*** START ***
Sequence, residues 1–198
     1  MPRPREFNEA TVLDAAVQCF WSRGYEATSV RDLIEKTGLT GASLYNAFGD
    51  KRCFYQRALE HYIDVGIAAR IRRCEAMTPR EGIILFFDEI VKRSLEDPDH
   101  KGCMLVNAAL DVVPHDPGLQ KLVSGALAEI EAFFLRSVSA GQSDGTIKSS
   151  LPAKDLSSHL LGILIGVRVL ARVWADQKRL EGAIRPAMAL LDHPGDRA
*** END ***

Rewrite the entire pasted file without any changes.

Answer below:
Sequence, residues 1–198
     1  MPRPREFNEA TVLDAAVQCF WSRGYEATSV RDLIEKTGLT GASLYNAFGD
    51  KRCFYQRALE HYIDVGIAAR IRRCEAMTPR EGIILFFDEI VKRSLEDPDH
   101  KGCMLVNAAL DVVPHDPGLQ KLVSGALAEI EAFFLRSVSA GQSDGTIKSS
   151  LPAKDLSSHL LGILIGVRVL ARVWADQKRL EGAIRPAMAL LDHPGDRA